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We both enjoyed our food, my pork was crumbly and not dry, but my sister found the teriyaki sauce was a bit too sweet so by the time she got towards the end of the meal, it became overpowering. Like some other fast/takeaway places, I felt that the rice tends to fill the bowl up a lot underneath the toppings. Thus your meal seems more packed than it is – in the end I had a lot of rice left.

I noticed some chicken karaage ($1.90 – fried chicken) on offer and ordered this too. I didn’t realise they were skewers and placed at the front of the takeaway counter like your usual Asian takeaway. In addition to this, I don’t think the girl knew what chicken karaage was and just went to find a chicken one.

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I think we were given a normal chicken skewer instead, but I would avoid the skewers and try a proper restaurant if you want quality. Or perhaps you can take your chances here if it seems you have just arrived after they’ve been freshly cooked.

The Chinatown branch of this place might be better, as they seem to have quite good reviews. I think this branch is good if you happen to be by the Emporium and would like a cheap but filling meal of good quality. Otherwise, I would willingly pay a few extra dollars somewhere else for a decent dine-in Japanese meal with atmosphere. The staff here need to do a bit of brushing up on their menu knowledge and for anything other than the main dishes, look elsewhere.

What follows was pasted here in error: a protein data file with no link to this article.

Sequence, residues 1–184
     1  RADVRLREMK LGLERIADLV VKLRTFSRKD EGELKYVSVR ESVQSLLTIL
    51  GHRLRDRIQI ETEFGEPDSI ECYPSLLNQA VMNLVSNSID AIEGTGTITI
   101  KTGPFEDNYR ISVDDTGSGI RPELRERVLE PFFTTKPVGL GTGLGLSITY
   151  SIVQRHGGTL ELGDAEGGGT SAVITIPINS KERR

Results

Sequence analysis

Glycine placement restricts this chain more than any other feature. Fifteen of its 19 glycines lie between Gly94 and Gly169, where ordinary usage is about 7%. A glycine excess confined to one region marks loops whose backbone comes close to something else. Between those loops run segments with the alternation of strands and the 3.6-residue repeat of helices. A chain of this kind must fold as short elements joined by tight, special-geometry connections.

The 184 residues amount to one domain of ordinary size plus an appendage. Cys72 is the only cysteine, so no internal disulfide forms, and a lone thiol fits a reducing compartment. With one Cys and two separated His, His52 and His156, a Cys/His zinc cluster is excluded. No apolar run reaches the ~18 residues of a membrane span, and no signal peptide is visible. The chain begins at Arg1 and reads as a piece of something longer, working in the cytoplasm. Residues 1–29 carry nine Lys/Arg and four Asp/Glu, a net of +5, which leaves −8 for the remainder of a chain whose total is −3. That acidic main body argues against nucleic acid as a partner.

Rice Workshop is located at the Emporium, 321 Lonsdale St on Level 3. They are open from 10am-7pm Sat-Wed and 10am-9pm Thurs-Fri. Check out their menu here.

Rice Workshop on Urbanspoon

I’m Sorry Miss Jackson…

I hope I got that song (Outkast – Ms Jackson) stuck in your head now. I had to get it stuck in yours, because that’s exactly what happened to me when I visited one of the cafes below. This is a bit of a miscellaneous post, as I haven’t explored enough for them to warrant their own articles, so here it goes.

Mr Burger
I’ve heard so many people raving about this food truck, that I had to try it out to see what the fuss is. The opportunity arose when my friend told me they were at Federation Square, and in a flash, I was there.

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I was surprised to see not many people lining up, considering how popular I’ve heard it is. But on a Friday night, people in the city probably had plans to go somewhere for a proper dinner.

I chose the Mr Meat ($10) burger with beef pattie, bacon, cheese, lettuce, pickle, caramelised onions, BBQ sauce and mayonnaise.

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The cheese oozed throughout the burger making it look disgustingly good. It’s a good value burger that satisfied my hunger, but I don’t see the specialty of it. In the end I felt like I was having a glorified and more filling McDonalds or fast food burger.

In the meantime, I’ll still declare my love and dedication to the burgers of Beatbox Kitchen, but I still have to chase up burger recommendations from friends at places such as Tree of Us and Spot on Kebab Station.

Mr Burger is a roving food truck. Keep an eye on their movements here and check out their menu here.

Mr Burger on Urbanspoon

Miss Jackson
Our staple cafe near work is Green Eggs and Ham, but their special didn’t entice us last week so I scoured the web for another place nearby.

This gem is located in what looks like it used to be a house off Grey St. The staff are very casual and quite friendly. They led us towards the back of the cafe, which was located near a door where staff kept venturing in and out. This is what made us feel like we were in a house, and our seating seemed to be in what used to be a separate room.